It’s harder, smarter and ultimately more valuable for companies to share their talent and expertise.
That’s what Toyota is doing with a program, announced today at the Clinton Global Initiative in Chicago, aimed at helping schools, hospitals and other nonprofits stretch their dollars further.
Toyota is famous for its lean, worker-friendly approach to manufacturing. Its Toyota Production System isn’t so much about efficiency–although that’s the end result–as it is about respecting workers, letting ideas bubble up from the shop floor and driving continuous improvement, or Kaizen. The Toyota system is “at its core a problem-solving method,” says Jim Wiseman, a group vice president and company spokesman who’s been with Toyota for 22 years.
Toyota will now share its expertise more widely. In a news release, the company says:
The company will be working with up to 20 community organizations across the United States in the first year to help improve performance, beginning with the St. Bernard Project, a New Orleans recovery organization that employs returning war veterans, AmeriCorps members and volunteers to rebuild homes devastated by Hurricane Katrina.
Techniques pioneered on Toyota assembly lines have already helped local non-profits, mostly on an ad hoc basis.
At the Community Kitchen & Food Pantry in Harlem, a Toyota team helped reduce wait times for clients and food waste.
At Allegheny General Hospital in Pittsburgh, nurses figured out with Toyota’s help how to save time when sorting and delivering pharmacy supplies so they could devote more time to patients. Here’s a short video about that.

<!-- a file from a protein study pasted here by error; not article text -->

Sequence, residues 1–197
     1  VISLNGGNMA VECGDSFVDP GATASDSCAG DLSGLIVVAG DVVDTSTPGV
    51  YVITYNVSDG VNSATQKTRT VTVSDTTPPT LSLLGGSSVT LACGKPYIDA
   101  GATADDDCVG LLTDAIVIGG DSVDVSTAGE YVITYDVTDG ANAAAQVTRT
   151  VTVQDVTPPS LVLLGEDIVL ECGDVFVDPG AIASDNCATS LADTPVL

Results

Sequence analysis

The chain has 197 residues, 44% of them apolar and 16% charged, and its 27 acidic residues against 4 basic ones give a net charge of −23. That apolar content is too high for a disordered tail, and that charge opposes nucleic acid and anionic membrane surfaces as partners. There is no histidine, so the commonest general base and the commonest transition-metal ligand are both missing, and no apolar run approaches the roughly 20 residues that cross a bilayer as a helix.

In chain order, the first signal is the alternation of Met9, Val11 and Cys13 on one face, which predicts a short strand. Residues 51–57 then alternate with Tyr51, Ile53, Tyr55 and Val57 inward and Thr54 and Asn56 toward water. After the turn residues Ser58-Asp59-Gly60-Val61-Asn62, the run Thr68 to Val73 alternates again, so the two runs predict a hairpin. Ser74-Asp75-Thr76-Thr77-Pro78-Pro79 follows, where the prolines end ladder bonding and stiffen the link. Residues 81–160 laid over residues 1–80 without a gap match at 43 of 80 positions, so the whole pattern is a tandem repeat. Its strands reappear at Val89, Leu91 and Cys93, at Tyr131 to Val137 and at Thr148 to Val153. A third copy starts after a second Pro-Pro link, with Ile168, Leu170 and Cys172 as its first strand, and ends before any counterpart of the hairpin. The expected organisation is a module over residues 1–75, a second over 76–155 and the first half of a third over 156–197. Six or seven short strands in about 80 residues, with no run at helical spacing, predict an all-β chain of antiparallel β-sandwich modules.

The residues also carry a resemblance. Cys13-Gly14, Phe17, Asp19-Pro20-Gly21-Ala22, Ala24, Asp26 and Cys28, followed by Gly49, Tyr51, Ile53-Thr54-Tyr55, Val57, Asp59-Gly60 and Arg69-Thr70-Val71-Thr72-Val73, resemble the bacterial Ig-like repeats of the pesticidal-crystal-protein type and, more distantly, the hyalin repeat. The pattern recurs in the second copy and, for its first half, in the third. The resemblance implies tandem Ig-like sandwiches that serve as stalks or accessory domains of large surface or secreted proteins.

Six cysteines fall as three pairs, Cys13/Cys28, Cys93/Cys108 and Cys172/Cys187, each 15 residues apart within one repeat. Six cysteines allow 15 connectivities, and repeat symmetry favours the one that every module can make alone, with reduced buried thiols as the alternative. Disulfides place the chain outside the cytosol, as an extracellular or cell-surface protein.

The new initiative is being led by the Kentucky-based Toyota Production System Support Center. It was formed in 1992, initially to help Toyota’s U.S. suppliers learn how to increase productivity, safety and quality. Since then, the center has worked with more than 160 companies and a handful of nonprofits.
This approach to corporate giving makes sense to me because the company is leveraging its unique talents. Traditional corporate philanthropy strikes me as much less useful. After all, when companies make donations to nonprofits, they are giving away their shareholders’ money. Inevitably, they are expressing preferences for charities, causes and groups. (In the worst cases, they are supporting pet projects of a CEO or a senior exec or an exec’s spouse.) Unless there’s clear payback in terms of brand, reputation or an enhanced community that will benefit the workforce, companies would do better to (1) simply match employee benefits, i.e., turn charitable giving into a workplace perk or (2) let the shareholders guide them on how to give the money away. But that’s a blogpost for another day.